Cleveland Clinic Taps IBM's Watson To Fight Cancer

Cleveland Clinic will use IBM's Watson supercomputer to research cancer and treat patients.
10 Technologies Changing Diabetes Care
10 Technologies Changing Diabetes Care
(Click image for larger view and slideshow.)

The Cleveland Clinic has become the latest healthcare organization to employ IBM's Watson supercomputer in the fight against cancer.

During the clinic's Medical Innovation Summit, the Lerner Research Institute's Genomic Medicine Institute announced on Wednesday that its oncologists will use IBM's Watson Genomics Analytics to fast-track adoption of genomic-based -- and therefore personalized -- medicine.

The cloud-based technology culls information from the steadily growing collection of data from medical journals, healthcare and research professionals, and other studies, using its cognitive learning capabilities to continually process and apply information. As Watson learns, it delivers chains of evidence to suggest diagnoses or treatments to help physicians better understand causes and determine the best treatments for their patients.

"New discoveries and medical breakthroughs are growing our collective knowledge of medicine at an unprecedented pace, and tomorrow's doctors will have to embrace new tools and technology to complement their own knowledge and experience in the field," said James Stoller, M.D., chair of the Education Institute at Cleveland Clinic, in a statement. "Technology will never replace the doctor, but it can make us better. Our students and faculty are excited to play a role in getting us there."

[How can data analytics help manage infectious disease outbreaks? Read Real-Time Analytics Can Help Stop Ebola.]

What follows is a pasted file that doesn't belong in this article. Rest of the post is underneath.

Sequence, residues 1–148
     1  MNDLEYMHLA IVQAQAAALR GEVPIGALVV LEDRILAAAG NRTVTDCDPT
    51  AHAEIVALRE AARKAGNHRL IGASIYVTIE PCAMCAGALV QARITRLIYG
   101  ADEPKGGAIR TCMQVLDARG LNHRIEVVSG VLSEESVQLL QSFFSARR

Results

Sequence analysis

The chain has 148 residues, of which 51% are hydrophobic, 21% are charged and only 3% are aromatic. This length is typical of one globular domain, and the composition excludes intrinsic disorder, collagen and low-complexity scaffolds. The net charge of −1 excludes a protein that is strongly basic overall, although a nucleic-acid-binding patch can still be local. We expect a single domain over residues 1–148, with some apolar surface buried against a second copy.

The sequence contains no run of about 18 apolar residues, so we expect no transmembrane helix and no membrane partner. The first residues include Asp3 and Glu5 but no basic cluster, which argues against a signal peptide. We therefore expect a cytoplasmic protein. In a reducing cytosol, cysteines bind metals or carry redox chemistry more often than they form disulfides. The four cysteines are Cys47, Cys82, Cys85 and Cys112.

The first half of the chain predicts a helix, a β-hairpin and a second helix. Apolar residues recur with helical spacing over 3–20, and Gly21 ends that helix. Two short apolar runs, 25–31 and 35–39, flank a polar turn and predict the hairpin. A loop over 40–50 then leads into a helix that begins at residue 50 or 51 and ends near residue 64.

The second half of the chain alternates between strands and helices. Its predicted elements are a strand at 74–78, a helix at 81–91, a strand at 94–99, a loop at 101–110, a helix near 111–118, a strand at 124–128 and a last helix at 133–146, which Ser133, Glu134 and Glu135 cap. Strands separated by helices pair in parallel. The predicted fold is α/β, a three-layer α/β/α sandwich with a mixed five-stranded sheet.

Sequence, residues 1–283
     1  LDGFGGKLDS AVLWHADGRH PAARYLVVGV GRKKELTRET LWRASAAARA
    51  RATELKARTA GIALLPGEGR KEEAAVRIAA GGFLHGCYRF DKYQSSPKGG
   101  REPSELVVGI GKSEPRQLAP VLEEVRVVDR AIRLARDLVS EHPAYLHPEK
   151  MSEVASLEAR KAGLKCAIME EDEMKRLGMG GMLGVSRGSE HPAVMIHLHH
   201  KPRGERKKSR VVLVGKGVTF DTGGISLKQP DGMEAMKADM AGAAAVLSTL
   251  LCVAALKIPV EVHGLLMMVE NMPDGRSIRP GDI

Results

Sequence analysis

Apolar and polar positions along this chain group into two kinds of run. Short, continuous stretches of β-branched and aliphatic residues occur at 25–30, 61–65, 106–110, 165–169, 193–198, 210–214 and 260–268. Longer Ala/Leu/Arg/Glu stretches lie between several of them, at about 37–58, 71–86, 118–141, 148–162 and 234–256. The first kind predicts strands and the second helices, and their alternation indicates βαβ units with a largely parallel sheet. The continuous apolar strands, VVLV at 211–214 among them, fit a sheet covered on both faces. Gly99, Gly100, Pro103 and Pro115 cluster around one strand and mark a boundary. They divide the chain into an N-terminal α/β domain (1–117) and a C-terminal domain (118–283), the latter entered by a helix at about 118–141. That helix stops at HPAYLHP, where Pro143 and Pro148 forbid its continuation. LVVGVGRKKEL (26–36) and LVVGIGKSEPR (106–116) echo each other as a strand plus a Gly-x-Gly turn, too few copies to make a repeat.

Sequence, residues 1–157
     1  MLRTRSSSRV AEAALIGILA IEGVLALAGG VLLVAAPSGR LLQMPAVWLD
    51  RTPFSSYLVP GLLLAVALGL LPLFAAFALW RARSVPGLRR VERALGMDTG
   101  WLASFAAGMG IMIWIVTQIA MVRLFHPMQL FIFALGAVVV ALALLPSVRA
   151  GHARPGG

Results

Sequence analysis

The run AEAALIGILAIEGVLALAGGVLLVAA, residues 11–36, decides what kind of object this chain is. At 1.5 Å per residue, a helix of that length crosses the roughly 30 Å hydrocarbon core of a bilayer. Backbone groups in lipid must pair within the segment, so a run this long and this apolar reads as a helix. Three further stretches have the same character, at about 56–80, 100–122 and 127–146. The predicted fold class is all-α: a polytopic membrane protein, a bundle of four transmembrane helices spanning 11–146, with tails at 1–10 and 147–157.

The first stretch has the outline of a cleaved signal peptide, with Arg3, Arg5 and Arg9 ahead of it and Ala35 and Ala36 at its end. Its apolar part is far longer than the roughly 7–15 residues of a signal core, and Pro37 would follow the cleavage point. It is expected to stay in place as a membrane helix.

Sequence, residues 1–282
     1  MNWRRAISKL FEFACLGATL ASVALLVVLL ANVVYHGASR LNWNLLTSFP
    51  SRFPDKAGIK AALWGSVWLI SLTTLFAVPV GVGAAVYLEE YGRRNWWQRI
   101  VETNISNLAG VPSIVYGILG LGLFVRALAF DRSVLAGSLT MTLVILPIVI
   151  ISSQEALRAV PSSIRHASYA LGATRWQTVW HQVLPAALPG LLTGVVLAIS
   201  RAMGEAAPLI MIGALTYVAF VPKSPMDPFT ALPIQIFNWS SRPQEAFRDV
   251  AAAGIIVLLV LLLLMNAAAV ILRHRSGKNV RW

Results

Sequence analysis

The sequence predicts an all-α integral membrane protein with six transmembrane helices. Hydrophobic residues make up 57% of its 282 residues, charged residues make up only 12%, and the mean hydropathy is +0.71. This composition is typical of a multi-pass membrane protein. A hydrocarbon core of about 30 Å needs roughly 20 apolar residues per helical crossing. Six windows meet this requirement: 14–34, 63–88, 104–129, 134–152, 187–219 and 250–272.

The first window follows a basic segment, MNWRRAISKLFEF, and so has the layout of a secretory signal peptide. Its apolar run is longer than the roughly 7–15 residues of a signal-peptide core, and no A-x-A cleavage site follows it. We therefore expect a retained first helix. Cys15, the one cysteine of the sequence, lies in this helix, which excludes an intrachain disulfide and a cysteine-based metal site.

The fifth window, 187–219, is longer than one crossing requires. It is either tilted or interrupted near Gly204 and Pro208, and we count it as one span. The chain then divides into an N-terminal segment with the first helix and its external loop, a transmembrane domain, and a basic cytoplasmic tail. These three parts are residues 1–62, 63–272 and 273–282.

By partnering with organizations like the Cleveland Clinic, the New York Genome Center, and Baylor College of Medicine, IBM is fueling its technology with insight from the best and brightest in the world of healthcare.

"If you combined all the clinical expertise the Cleveland Clinic has with the power of what we've been developing with Watson, we think this will help us improve the overall learnings within the tool," said Steve Harvey, VP of Watson Cancer Genomics at IBM, in an interview.

Dr. Charis Eng, chair and founding director of the Genomic Medicine Institute, already researches genome and exome sequencing of patients with cancer, but she said the Watson pilot should provide her team with speed, efficiency, and accuracy. It also enables an extremely limited pool of professionals to help more patients. Today, Eng pointed out, there are only about 600 practicing geneticists and 3,000 genetic counselors in the country.

"Watson is allowing the clinicians to be clinicians. It'll make the provision of care more effective," she said. "I am hoping to use Watson and therefore teach Watson about finding inherited mutations that predispose people and families to cancers."

Whereas it typically takes one to three weeks to interpret genomic data, Watson can process all this complex data "in the time it takes to clap your hands," said Eng, which will enable health professionals to treat more patients.

And since the technology is cloud-based, Harvey added, there's no need for big data integration projects. "[Authorized users] upload that variant file. Watson looks at the mutation. Watson looks up drugs and researchers access online visualizations through the browser, then get a PDF report," he explained. "You can start driving value from the system as soon you as you get an ID. Security and compliance are built in."

The owners of electronic health records aren't necessarily the patients. How much control should they have? Get the new Who Owns Patient Data? issue of InformationWeek Healthcare today.

Editor's Choice
Brian T. Horowitz, Contributing Reporter
Samuel Greengard, Contributing Reporter
Nathan Eddy, Freelance Writer
Brandon Taylor, Digital Editorial Program Manager
Jessica Davis, Senior Editor
Cynthia Harvey, Freelance Journalist, InformationWeek
Sara Peters, Editor-in-Chief, InformationWeek / Network Computing